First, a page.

The author states these facts to show that the information contained in this book is of an authentic character, and has been obtained from the most trustworthy sources. Whether he has used it to the best purpose or not, he leaves others to judge. This much, however, he may himself say—that he has endeavored, to the best of his ability, to set forth the facts communicated to him in a simple, faithful, and straightforward manner; and, even if he has not wholly succeeded in doing this, he has, at all events, been the means of collecting information on a subject originally unattractive to professional literary men, and thereby rendered its farther prosecution comparatively easy to those who may feel called upon to undertake it.

The author does not pretend to have steered clear of errors in treating a subject so extensive, and, before he undertook the labor, comparatively uninvestigated; but, wherever errors have been pointed out, he has taken the earliest opportunity of correcting them. With respect to objections taken to the book because of the undue share of merit alleged to be therein attributed to the Stephensons in respect of the Railway and the Locomotive, there will necessarily be various opinions. There is scarcely an invention or improvement in mechanics but has been the subject of dispute, and it was to be expected that those who had counter claims would put them forward in the present case nor has the author any reason to complain of the manner in which this has been done. While George Stephenson is the principal subject in the following book, his son Robert also forms an essential part of it.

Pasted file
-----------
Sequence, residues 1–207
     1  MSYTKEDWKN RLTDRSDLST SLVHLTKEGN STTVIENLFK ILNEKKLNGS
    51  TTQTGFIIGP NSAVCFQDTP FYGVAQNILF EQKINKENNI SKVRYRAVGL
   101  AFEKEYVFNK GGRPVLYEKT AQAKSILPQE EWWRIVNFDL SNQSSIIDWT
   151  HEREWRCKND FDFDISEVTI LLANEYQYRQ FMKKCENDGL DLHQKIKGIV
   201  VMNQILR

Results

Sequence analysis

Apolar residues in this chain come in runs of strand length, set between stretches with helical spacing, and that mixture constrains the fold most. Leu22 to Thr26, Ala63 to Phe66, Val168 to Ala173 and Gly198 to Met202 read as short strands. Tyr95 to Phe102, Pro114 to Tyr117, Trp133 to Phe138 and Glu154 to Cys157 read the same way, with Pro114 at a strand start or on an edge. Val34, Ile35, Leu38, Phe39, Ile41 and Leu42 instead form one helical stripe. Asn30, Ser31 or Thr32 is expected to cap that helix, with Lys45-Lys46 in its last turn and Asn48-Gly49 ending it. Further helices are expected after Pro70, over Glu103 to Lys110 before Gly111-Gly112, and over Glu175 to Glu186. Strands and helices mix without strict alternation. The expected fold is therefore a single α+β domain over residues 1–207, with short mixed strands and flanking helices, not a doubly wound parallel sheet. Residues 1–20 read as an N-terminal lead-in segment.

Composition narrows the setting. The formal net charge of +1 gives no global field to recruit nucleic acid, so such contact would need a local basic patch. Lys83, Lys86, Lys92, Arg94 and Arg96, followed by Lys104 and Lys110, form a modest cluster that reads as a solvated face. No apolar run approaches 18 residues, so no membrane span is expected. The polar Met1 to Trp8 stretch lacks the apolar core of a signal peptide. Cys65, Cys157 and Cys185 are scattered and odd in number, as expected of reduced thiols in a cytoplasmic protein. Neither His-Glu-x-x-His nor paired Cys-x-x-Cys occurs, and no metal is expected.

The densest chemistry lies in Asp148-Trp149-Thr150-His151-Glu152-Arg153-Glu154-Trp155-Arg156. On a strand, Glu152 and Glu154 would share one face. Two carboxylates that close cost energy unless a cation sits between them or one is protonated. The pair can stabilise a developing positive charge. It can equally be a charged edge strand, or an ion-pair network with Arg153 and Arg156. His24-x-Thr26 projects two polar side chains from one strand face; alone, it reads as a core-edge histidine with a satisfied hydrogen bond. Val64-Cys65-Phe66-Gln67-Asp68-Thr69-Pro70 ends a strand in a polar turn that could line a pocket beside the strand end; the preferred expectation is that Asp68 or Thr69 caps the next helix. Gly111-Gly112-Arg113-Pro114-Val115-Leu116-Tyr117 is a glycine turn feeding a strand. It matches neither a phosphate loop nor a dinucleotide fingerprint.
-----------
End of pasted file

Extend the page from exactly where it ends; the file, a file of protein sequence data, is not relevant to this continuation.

Father and son were so intimately associated in the early period of their career, that it is difficult, if not impossible, to describe the one apart from the other. The life and achievements of the son were in a great measure the complement of the life and achievements of the father. The care, also, with which the elder Stephenson, while occupying the position of an obscure engine wright, devoted himself to his son's education, and the gratitude with which the latter repaid the affectionate self-denial of his father, furnish some of the most interesting illustrations of the personal character of both.

These views were early adopted by the author and carried out by him in the preparation of the original work, with the concurrence of Robert Stephenson, who supplied the necessary particulars relating to himself. Such portions of these were accordingly embodied in the narrative as could with propriety be published during his life-time, and the remaining portions are now added with the object of rendering more complete the record of the son's life, as well as the early history of the Railway System.